3.6. Evaluation plan
An evaluation plan should be developed at the beginning of your project based on your goals and objectives. It must be shared with all partners and contain the following information: why the evaluation is being carried out, its purpose, what will be evaluated, which aspects your organisation is interested in evaluating and against which objectives, what sources and indicators will be used, who will use the results of the evaluation process and what they will be used for.
In order to properly plan your project’s evaluation, make sure to follow the following steps:
Clearly define the objectives of the evaluation plan, which should align with the overall goals of the project. Specify the key aspects that will be assessed, such as project outcomes, impacts, efficiency, effectiveness, and sustainability.
Keep in mind that it is impossible to evaluate everything! Decisions about the themes or areas which are to be evaluated should be spread across the following broad categories:
- the processes of the project: activities, meetings, communications
- the ongoing project plans: the plans for dissemination, exploitation and sustainability
- the outputs of products: materials, website, learning platform, trainings, conferences
- the management and day-to-day operation of the project
- the “transnational element”: European added value
It is also important that some outcomes are included in the list. These might include:
- changes in thinking or behaviour of the target group(s)
- achievements of members of the target group(s)
- impact of the project on member institutions or organisations
- impact of the project on other institutions or organisations
- any broader impact on regional or national systems.
Generally, to develop precise and meaningful KPIs (key performance indicators), it is useful to follow the S.M.A.R.T. approach. This means that indicators you choose should be:
Specific: being clear about objectives and expectations is the first step towards reaching the final goal. This is why indicators should clearly define the goal and focus on the ‘who’ and ‘what’ of the intervention ‘how’ and ‘where’ the ‘who’ is doing the ‘what’.
Measurable: in addition to being specific in the objectives, you need to be able to quantify data or indicate where you are in relation to the objective to be achieved. It is therefore important that indicators you choose have the capacity to be counted and measured quantitatively and qualitatively.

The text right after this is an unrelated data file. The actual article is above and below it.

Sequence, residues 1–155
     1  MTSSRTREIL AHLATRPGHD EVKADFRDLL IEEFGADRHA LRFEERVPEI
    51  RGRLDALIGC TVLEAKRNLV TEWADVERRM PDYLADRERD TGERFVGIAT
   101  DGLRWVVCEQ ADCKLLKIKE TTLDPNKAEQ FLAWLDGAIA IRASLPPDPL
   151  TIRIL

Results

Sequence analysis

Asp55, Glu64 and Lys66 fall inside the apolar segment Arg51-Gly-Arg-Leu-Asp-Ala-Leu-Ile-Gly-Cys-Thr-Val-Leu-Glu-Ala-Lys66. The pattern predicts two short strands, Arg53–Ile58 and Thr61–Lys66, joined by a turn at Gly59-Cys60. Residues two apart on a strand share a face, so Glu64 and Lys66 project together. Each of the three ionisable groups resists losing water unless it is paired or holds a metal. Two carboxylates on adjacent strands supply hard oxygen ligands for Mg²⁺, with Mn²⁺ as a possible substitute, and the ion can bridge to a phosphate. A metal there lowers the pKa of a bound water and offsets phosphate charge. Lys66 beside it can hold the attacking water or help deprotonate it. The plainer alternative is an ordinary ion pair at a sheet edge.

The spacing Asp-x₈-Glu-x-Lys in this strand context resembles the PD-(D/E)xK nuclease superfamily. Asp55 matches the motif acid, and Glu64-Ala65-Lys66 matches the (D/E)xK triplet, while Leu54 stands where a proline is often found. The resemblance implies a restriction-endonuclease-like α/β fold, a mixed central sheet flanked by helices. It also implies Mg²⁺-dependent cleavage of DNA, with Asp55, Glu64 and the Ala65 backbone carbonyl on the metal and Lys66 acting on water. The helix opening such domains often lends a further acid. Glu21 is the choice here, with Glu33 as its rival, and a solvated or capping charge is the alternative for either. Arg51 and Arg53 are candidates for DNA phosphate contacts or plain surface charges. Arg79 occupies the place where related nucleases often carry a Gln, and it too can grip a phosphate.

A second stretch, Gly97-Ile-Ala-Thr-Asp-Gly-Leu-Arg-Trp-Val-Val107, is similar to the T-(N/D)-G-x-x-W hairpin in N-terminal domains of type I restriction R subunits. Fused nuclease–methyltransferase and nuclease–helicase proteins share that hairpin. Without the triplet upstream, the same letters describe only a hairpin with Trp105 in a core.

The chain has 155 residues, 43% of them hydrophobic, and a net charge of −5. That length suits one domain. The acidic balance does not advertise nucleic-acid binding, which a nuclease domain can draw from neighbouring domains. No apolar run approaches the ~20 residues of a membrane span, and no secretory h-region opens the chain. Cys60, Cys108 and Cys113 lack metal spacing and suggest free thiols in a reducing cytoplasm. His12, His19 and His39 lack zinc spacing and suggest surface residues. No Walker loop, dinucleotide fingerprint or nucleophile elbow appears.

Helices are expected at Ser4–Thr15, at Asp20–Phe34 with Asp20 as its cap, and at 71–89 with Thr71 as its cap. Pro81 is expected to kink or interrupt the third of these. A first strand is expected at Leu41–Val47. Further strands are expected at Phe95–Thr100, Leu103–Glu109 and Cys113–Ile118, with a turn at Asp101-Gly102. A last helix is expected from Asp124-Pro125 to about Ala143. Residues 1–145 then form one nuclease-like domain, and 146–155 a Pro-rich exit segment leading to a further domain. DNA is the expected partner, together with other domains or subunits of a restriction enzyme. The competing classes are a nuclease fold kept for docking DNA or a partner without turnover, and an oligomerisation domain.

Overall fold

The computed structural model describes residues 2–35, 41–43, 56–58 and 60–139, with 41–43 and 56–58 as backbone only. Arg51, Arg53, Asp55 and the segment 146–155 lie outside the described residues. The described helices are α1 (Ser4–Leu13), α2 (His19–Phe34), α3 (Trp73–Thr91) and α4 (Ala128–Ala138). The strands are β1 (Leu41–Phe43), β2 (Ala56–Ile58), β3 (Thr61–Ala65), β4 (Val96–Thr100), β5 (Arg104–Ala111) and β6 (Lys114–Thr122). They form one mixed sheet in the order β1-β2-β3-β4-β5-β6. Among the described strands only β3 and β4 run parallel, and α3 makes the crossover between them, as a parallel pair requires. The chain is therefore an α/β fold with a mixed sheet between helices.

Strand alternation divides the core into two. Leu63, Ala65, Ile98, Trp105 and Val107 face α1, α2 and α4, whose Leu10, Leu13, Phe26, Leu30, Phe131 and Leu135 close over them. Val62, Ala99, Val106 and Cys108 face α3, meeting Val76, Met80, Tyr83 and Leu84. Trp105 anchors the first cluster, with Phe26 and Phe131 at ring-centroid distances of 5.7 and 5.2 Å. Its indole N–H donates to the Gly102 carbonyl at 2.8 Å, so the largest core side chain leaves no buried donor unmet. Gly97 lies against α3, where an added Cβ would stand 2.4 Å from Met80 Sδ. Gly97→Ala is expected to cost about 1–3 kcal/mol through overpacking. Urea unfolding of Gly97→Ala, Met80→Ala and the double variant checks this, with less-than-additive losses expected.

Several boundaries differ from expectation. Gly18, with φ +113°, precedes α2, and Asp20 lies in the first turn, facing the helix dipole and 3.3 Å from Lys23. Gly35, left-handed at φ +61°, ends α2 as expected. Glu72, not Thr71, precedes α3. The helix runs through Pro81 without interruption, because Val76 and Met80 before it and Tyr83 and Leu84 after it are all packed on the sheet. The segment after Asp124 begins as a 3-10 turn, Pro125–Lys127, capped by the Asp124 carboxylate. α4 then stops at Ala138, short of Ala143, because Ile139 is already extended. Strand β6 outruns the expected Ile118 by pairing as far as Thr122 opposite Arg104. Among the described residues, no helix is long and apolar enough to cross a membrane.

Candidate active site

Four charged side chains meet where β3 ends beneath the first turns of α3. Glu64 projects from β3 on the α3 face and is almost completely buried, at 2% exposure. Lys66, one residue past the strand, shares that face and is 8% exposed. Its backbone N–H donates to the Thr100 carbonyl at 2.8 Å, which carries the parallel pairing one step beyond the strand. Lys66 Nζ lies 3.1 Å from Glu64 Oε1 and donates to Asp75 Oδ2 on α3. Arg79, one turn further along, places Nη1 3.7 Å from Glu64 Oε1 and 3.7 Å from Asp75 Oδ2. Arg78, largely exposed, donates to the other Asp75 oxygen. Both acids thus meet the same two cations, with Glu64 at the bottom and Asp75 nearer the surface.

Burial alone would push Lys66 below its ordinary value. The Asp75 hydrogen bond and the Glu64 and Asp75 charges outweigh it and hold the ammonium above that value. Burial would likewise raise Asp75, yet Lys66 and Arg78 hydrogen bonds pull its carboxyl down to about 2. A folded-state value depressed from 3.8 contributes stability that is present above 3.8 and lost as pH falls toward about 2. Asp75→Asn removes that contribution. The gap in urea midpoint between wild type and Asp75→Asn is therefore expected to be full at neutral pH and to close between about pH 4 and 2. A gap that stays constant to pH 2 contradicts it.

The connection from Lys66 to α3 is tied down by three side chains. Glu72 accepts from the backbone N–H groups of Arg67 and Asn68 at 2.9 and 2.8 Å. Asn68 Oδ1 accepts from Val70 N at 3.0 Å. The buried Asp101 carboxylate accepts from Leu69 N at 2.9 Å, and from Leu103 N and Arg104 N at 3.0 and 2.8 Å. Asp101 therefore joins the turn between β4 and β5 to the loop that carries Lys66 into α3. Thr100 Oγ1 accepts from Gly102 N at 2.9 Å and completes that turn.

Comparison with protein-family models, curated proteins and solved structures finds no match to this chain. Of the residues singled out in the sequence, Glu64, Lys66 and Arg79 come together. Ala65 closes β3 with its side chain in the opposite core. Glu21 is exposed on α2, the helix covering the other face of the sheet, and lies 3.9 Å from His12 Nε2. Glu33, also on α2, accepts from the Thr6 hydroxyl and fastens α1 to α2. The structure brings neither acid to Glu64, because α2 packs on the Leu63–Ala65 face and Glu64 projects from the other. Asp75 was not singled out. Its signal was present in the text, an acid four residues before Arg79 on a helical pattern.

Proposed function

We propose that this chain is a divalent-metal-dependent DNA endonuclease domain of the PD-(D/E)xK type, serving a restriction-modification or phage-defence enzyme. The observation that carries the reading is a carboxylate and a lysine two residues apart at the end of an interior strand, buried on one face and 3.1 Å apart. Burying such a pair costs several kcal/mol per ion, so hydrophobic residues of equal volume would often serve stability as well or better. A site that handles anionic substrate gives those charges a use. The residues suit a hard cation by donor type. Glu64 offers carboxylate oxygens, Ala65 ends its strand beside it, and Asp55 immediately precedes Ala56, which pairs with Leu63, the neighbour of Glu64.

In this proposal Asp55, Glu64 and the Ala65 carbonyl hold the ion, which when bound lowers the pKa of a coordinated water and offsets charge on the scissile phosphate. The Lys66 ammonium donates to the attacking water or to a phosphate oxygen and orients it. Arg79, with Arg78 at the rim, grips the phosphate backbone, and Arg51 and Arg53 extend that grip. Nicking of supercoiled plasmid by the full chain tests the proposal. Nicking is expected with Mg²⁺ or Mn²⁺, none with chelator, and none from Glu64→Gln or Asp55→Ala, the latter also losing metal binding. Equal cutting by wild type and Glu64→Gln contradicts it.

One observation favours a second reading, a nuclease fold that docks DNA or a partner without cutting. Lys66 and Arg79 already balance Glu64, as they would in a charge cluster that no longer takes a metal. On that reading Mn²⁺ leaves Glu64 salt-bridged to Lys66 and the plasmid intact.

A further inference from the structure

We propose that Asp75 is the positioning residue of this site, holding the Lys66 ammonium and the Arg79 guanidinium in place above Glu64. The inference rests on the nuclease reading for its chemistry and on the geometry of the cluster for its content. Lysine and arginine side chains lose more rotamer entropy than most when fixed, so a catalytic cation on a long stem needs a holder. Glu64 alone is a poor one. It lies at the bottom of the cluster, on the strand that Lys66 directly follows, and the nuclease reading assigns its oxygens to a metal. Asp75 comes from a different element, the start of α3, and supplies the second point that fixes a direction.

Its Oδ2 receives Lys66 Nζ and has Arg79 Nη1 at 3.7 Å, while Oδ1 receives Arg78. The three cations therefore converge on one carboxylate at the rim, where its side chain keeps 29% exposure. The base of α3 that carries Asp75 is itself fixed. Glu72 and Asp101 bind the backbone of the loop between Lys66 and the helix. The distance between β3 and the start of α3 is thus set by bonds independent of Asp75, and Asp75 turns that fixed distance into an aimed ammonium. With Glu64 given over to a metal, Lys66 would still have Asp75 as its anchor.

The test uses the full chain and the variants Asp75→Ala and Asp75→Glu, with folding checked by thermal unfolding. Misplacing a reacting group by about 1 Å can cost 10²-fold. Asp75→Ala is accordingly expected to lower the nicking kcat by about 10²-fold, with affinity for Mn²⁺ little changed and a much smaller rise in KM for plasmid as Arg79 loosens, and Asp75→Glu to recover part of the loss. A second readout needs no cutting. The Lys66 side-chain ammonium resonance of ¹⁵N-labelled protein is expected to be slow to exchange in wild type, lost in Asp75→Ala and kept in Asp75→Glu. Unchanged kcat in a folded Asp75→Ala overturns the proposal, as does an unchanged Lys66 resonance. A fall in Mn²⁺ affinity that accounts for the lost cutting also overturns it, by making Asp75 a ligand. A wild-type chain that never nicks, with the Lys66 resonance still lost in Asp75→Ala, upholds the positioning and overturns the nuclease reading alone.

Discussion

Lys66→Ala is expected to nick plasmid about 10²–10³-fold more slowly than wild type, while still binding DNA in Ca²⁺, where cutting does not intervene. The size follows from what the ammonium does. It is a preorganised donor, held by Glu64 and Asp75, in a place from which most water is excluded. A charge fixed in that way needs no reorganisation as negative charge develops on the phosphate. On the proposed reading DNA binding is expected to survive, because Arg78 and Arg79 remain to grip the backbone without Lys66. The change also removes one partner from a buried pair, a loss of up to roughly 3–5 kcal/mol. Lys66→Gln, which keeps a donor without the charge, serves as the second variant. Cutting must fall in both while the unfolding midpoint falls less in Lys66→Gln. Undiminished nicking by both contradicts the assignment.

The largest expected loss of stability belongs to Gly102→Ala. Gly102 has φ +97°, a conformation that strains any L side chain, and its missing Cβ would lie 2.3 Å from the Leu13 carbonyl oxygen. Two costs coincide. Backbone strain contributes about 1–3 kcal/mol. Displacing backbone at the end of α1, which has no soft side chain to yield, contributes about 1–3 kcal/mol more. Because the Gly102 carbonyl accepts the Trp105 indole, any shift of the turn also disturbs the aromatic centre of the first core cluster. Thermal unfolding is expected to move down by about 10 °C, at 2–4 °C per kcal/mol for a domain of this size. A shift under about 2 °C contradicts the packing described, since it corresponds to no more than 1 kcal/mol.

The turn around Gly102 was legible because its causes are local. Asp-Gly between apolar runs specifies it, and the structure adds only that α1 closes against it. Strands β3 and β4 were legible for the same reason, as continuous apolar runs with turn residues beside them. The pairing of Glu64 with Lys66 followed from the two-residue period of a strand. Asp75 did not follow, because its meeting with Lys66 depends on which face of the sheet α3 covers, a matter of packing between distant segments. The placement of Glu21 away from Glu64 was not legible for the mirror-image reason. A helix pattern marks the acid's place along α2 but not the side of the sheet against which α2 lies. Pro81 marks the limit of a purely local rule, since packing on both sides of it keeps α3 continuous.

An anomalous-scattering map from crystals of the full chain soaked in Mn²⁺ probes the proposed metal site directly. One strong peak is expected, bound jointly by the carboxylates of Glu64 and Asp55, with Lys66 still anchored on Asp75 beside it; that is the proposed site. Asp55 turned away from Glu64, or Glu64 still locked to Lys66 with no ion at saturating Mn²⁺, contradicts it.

Achievable: indicators must be achievable and realistic. The indicator is achievable if the performance target accurately specifies the amount or level of what is to be measured in order to meet your goal.
Relevant: indicators must be relevant to the objectives you want to achieve with your project.
Time-bound: indicators must be defined in a precise time frame. Without deadlines, no result can be planned.
Data Collection Methods
Describe the methods and sources that will be used to collect relevant data. This may include surveys, interviews, focus groups, site visits, document analysis, or data from existing sources. Consider the specific indicators and measures that will be used to assess project performance.
Data Analysis Techniques
Explain the analytical techniques that will be employed to analyse the collected data. This can include both qualitative and quantitative approaches. For qualitative data, describe how themes, patterns, or trends will be identified and analysed. For quantitative data, specify the statistical methods, such as regression analysis or simple descriptive statistics (averages, …), that will be used to analyse the data.
Data Management and Quality Assurance
Address how data will be managed, stored, and secured throughout the evaluation process. Discuss the steps that will be taken to ensure data quality, including data cleaning, verification, and validation. Outline any protocols that will be followed to maintain the confidentiality and privacy of data.
Reporting and Visualization
Explain how the evaluation findings will be reported and communicated. Describe the format of the evaluation report, including the structure, content, and visualisations that will be used to present the data analysis results. Consider using charts, graphs, and tables to effectively convey the findings.
Timing and Frequency
Specify the timeline and frequency of data collection and analysis. Identify the key evaluation milestones, including interim and final evaluation reports, and highlight the intervals at which progress will be assessed.
Discuss how stakeholders, such as project partners, beneficiaries, and relevant authorities, will be involved in the data analysis process. Address any plans for stakeholder consultations, workshops, or feedback mechanisms to gather additional insights.
Lessons Learned and Recommendations
Describe how the data analysis findings will be used to generate lessons learned and recommendations for project improvement. Emphasise the importance of using the evaluation results to inform decision-making and guide future actions.